Acta Neuropathologica

, Volume 120, Issue 5, pp 641–649

Glucocerebrosidase is present in α-synuclein inclusions in Lewy body disorders

  • Ozlem Goker-Alpan
  • Barbara K. Stubblefield
  • Benoit I. Giasson
  • Ellen Sidransky
Original Paper

DOI: 10.1007/s00401-010-0741-7

Cite this article as:
Goker-Alpan, O., Stubblefield, B.K., Giasson, B.I. et al. Acta Neuropathol (2010) 120: 641. doi:10.1007/s00401-010-0741-7

Abstract

Mutations in the gene encoding the lysosomal enzyme glucocerebrosidase, known to cause Gaucher disease (GD), are a risk factor for the development of Parkinson disease (PD) and related disorders. This association is based on the concurrence of parkinsonism and GD, the identification of glucocerebrosidase mutations in cohorts with PD from centers around the world, and neuropathologic findings. The contribution of glucocerebrosidase to the development of parkinsonian pathology was explored by studying seven brain samples from subjects carrying glucocerebrosidase mutations with pathologic diagnoses of PD and/or Lewy body dementia. Three individuals had GD and four were heterozygous for glucocerebrosidase mutations. All cases had no known family history of PD and the mean age of disease onset was 59 years (range 42–77). Immunofluorescence studies on brain tissue samples from patients with parkinsonism associated with glucocerebrosidase mutations showed that glucocerebrosidase was present in 32–90% of Lewy bodies (mean 75%), some ubiquitinated and others non-ubiquitinated. In samples from seven subjects without mutations, <10% of Lewy bodies were glucocerebrosidase positive (mean 4%). This data demonstrates that glucocerebrosidase can be an important component of α-synuclein-positive pathological inclusions. Unraveling the role of mutant glucocerebrosidase in the development of this pathology will further our understanding of the lysosomal pathways that likely contribute to the formation and/or clearance of these protein aggregates.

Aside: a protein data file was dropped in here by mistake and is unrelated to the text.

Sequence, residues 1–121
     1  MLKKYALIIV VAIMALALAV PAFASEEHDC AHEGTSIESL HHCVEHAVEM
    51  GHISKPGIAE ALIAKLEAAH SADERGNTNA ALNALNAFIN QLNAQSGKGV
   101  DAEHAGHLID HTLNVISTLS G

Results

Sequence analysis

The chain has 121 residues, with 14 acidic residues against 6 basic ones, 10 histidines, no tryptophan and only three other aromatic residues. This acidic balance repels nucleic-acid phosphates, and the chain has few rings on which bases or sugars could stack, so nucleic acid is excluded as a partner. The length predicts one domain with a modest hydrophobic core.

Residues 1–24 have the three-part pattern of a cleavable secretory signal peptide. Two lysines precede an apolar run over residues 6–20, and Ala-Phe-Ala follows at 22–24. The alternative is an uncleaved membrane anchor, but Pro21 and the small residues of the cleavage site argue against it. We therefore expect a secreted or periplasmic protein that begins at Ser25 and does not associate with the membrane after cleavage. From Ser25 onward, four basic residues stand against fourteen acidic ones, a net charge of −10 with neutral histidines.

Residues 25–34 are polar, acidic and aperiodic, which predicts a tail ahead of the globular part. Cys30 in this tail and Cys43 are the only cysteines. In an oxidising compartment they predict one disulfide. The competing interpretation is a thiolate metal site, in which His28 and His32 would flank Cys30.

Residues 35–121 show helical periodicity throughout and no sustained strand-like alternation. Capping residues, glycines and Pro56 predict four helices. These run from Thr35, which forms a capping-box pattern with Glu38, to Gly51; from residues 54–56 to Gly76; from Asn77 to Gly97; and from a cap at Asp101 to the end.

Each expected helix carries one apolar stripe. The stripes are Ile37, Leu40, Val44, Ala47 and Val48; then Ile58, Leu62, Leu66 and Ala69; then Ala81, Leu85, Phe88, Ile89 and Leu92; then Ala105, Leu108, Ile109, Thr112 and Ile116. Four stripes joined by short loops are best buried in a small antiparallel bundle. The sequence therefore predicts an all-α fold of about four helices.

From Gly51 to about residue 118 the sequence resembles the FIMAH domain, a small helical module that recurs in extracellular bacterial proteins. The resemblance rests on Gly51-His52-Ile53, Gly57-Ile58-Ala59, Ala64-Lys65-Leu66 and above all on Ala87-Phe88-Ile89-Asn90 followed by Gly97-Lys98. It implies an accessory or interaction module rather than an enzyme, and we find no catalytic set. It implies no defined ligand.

Keywords

Glucocerebrosidaseα-SynucleinParkinsonismLewy body dementia

Supplementary material

401_2010_741_MOESM1_ESM.eps (18 mb)
Figure S1 Representative sections from cases 1 and 4 (also shown in Figure 1) were stainedwith monoclonal anti-GC antibody (Abnova, Taipei, Taiwan) and sheep polyclonal anti-α-synuclein (1:400) (ABR, Rockford, IL). Immunofluorescent staining was followed by SudanBlack staining to quench autofluorescence [24]. Sudan Black did not affect the distribution orintensity of GC staining in LBs and LNs in subjects with GBA mutations. LAMP-1 positive,perikaryal amorphous inclusions still persisted after Sudan quenching. LAMP1 (purple), GC(green) and α-synuclein (red). DAPI (blue) was used as a nuclear counterstain. Scale bar =10microns (EPS 18,440 KB)
401_2010_741_MOESM2_ESM.eps (6 mb)
Figure S2Immunofluorescent staining using rabbit polyclonal anti-GC (R386) antibody. BothGC positive and negative (arrow) α-synuclein pathology are present in the same field. GC (red)and α-synuclein (green). DAPI (blue) was used as a nuclear counterstain. Scale bar=10 microns (EPS 6,173 KB)

Copyright information

© US Government 2010

Authors and Affiliations

  • Ozlem Goker-Alpan
    • 1
  • Barbara K. Stubblefield
    • 1
  • Benoit I. Giasson
    • 2
  • Ellen Sidransky
    • 1
  1. 1.Section on Molecular Neurogenetics, Medical Genetics BranchNHGRI, National Institutes of HealthBethesdaUSA
  2. 2.Department of PharmacologyUniversity of Pennsylvania School of MedicinePhiladelphiaUSA